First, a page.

Spring in the Forest

The Forest was bursting into life, shaking off the muted and quiet shades of winter and blooming in celebration of Spring. Across all the trees and bushes leaves were unfolding in a multitude of shades of green, adding lighter shades to the deeper evergreens of the pines.

Set against this green is the skeleton of the forest, the dark browns and greys of trunk and limb, from vast girths hinting at ancient individuals, to spindly newcomers. The floor is a carpet of crinkly brown leaves and crumbly dead wood, tangles of thorny briars and the first green shoots pushing their way skywards. Between the woods and the plantation are long narrow corridors of open space where the track cuts through the forest. Here, above these openings, clouds chase each other across the sky, intermittently revealing a bright warm sun. Newly emerged butterflies dance down these open corridors of grass and gravel, from bright yellow brimstones, to an orange-tip and a speckled wood. All around the birds are in full voice, yellowhammers, chiffchaff, willow warbler, chaffinch and the return of that enigmatic summer visitor the cuckoo.

Through this landscape we drive, rumbling slowly down the tracks, stopping every so often to climb a ladder and check one of our owl nest boxes. Compared with last year occupancy of boxes in terms of tawny owls is low, with just two active nests compared with five last year. It may be that the birds have had a poor winter, especially with the extreme cold in February. Indeed catching them through the winter was not been as effective for us this year, and indications from other tawny owl projects in the UK is that they are late in breeding.  Still, fingers crossed for these two nests.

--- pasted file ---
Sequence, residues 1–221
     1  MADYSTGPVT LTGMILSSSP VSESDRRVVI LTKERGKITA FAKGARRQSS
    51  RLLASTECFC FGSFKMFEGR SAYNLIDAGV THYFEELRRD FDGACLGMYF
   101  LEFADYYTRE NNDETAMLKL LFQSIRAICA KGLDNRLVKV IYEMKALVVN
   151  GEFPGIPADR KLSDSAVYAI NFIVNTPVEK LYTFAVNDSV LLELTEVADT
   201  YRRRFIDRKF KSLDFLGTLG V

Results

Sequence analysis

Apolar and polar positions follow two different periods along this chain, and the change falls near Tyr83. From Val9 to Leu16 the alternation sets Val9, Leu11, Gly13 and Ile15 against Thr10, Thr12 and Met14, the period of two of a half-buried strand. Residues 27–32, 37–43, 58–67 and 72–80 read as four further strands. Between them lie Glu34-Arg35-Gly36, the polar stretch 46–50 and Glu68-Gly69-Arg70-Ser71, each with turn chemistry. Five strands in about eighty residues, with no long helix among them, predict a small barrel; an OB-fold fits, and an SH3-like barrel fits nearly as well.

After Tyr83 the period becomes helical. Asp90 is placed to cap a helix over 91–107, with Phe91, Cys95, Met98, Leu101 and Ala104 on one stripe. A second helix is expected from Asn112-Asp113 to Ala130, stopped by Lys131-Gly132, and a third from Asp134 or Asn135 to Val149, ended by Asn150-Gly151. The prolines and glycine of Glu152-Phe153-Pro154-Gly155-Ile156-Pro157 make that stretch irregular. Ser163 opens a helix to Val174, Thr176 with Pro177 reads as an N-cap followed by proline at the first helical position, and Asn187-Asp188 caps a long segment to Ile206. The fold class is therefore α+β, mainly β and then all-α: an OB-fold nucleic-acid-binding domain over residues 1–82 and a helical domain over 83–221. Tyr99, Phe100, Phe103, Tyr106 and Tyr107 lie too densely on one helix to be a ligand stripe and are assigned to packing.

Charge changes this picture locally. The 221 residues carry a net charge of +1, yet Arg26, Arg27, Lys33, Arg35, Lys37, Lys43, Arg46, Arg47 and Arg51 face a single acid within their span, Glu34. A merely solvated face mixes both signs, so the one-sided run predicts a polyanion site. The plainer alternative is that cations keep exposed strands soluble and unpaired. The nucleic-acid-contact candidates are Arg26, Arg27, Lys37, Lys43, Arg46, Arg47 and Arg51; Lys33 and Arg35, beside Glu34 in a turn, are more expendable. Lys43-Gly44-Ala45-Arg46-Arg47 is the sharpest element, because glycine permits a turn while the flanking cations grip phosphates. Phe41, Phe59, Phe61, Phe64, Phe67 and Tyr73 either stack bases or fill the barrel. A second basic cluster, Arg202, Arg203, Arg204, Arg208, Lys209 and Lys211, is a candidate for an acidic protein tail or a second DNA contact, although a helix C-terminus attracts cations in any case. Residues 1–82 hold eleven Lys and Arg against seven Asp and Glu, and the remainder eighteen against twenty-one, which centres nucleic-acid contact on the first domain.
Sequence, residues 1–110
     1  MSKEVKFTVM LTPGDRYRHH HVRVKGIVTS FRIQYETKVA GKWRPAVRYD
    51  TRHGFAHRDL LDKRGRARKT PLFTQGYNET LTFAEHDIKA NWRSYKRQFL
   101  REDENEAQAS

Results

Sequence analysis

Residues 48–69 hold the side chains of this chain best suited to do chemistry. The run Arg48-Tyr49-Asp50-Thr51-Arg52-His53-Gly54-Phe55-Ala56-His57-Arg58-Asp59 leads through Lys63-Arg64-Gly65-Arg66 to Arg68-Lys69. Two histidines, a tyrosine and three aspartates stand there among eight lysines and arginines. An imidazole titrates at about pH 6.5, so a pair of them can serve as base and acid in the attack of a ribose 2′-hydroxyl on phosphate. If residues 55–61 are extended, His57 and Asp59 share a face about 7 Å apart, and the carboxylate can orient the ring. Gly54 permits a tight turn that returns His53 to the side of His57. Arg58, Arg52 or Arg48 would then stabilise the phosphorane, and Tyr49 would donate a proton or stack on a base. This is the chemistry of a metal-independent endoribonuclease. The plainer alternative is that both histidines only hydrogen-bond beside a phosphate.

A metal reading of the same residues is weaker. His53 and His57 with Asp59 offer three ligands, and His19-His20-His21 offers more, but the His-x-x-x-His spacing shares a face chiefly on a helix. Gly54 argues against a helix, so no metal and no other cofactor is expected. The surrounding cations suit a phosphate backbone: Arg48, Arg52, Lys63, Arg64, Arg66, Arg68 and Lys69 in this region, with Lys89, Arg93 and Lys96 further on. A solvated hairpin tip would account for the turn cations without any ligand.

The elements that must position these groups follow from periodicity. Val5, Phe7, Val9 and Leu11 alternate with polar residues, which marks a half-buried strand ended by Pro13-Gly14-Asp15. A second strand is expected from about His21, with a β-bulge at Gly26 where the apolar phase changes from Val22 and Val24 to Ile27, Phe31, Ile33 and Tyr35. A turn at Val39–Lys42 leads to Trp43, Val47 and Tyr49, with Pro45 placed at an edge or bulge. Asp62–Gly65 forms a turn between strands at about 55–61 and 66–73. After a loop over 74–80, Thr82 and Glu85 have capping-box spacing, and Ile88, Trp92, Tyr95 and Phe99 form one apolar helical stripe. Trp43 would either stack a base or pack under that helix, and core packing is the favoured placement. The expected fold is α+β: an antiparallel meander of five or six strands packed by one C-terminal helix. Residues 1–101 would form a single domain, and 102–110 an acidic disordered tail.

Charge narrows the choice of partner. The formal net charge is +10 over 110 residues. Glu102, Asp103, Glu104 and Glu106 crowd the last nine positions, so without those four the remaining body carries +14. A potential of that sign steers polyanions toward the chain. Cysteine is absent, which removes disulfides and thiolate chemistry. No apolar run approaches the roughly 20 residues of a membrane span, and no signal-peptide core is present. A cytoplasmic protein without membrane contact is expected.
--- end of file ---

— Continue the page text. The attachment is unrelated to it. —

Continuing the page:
IMG-20180424-WA0000
Tawny owl nest

Since we started the project however there has been another star species in our boxes. In 2016 we were excited to find mandarin nests in two of our boxes, and were even more delighted to catch and ring two females. Then in 2017 we found one of our females had returned to exactly the same box! In addition we caught another new female in one of the other boxes.

cof
Mandarin nest

And so here we are in 2018, and once again we have mandarin nesting in our boxes. Only this year it is not just one, or two, but three nesting mandarin! Not only that, but two are returning birds. Our original female from 2016, having spent 2017 in the same box, has now made a move to a new box. The female we ringed in 2017 has returned to the same box as last year. What will 2019 bring for these exotically beautiful, tree nesting ducks? Well, that’s a question for another year…

cof
Female mandarin

One thought on “Spring in the Forest

Leave a Reply

Fill in your details below or click an icon to log in:

WordPress.com Logo

You are commenting using your WordPress.com account. Log Out /  Change )

Google+ photo

You are commenting using your Google+ account. Log Out /  Change )

Twitter picture

You are commenting using your Twitter account. Log Out /  Change )

Facebook photo

You are commenting using your Facebook account. Log Out /  Change )

w

Connecting to %s